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Iron Man (Robert Downey Jr.), constantly reminded of how his creation, Ultron, caused so much damage and destruction, believes signing the “Sokovia Accords” — which, once passed, would allow the UN to assign a governing body to dictate when and where the Avengers would be allowed to operate — to be the best course of action. However, Captain America (Chris Evans) firmly believes it is not, as the Avengers could potentially be forced to compromise their morals at the behest of those (very possibly corrupt) in power, and refuses. As he puts it, “I know we’re not perfect, but the safest hands are still our own.”
Civil War has a very similar atmosphere as the previous Captain America film, The Winter Soldier; not surprising considering both were directed by Anthony and Joe Russo with screenplays by Christopher Markus and Stephen McFeely. There is quite a bit of jumping around between locations, as well as some flashback scenes, but despite all of the different new plot points, background information, and characters being introduced, the film does a great job keeping things from getting too confusing through the use of good pacing and dialogue to help keep things on track. The choreography of the fight scenes is fluid and fast-paced, resulting in a spectacular, yet realistic combination of martial arts and stunts with CGI. Though kids will surely be entertained by the non-stop action and impressive visual effects, it is certainly not a movie aimed primarily at children. The film examines mature subject matter such as morality, responsibility, and accountability, along with friendship, loss, and how anger, conflict, and the desire for vengeance can consume us. For a superhero, even more so. As Vision (Paul Bettany) muses, “Our very strength incites challenge. Challenge incites conflict. And conflict … breeds catastrophe.”
Despite the serious subject matter of the film, there is still plenty of clever comic relief to keep things from feeling too heavy.
Ant-Man’s (Paul Rudd) awkwardness never fails to result in some very amusing moments and dialogue. And the somewhat strained relationship between Bucky (Sebastian Stan) and Falcon (Anthony Mackie) had the whole theatre laughing on more than one occasion.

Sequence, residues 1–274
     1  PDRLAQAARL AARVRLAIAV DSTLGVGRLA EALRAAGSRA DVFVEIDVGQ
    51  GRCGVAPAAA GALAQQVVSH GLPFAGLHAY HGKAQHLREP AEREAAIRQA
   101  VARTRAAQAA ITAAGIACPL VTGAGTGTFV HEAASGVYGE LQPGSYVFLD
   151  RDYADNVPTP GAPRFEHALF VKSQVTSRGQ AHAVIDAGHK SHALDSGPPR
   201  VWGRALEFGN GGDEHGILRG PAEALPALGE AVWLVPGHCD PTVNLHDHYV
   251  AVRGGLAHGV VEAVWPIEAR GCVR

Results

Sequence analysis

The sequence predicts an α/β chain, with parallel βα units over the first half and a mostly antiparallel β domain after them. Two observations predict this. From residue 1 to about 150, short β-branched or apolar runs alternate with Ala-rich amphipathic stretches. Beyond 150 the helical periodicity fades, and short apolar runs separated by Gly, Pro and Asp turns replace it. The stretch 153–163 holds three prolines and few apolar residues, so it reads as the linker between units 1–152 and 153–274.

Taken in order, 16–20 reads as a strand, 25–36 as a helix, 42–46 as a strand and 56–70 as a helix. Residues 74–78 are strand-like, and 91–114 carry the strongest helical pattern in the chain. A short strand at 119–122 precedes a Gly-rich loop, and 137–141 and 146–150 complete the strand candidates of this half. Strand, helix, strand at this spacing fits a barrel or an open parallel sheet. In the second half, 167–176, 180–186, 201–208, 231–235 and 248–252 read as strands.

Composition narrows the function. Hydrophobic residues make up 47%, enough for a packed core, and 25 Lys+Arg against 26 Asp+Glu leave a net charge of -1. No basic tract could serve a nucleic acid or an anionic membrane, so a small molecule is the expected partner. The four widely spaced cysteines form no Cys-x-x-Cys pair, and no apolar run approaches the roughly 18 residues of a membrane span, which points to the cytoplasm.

Another huge source of laughs and excitement came in the form of one of the characters finally introduced to the Avengers in this film. When I heard Tom Holland had been given the role of Peter Parker, my first thoughts were, “Really? Another new Spider-Man?” But considering Marvel’s casting is so often on point (for example, I think most of us would agree that Robert Downey Jr. basically is Tony Stark), I was more than willing to give him a chance, and was certainly not disappointed. Holland absolutely nails the part, perfectly portraying Peter Parker’s adorable, nerdy nature as well as his slick, web-slinging side.
The other highly anticipated character introduced in this film is Black Panther (Chadwick Boseman), who becomes entangled with the Avengers while trying to avenge the death of his father. Boseman definitely captured the character: somewhat mysterious, strong, stoic, and thoroughly badass, his excellent performance left me even more excited for the standalone film which is currently underway.
Overall, I believe I can say quite confidentially that if you’re a fan of Marvel / superhero flicks, you will most likely love this film. And if you’re not, you very well still might, though it’s probably best to catch up on some of the older movies / history before viewing in order to enjoy it in the fullest. Marvel Studios continues to astound with their uncanny ability to translate from the comic page to the big screen, successfully delivering while leaving us waiting excitedly for more.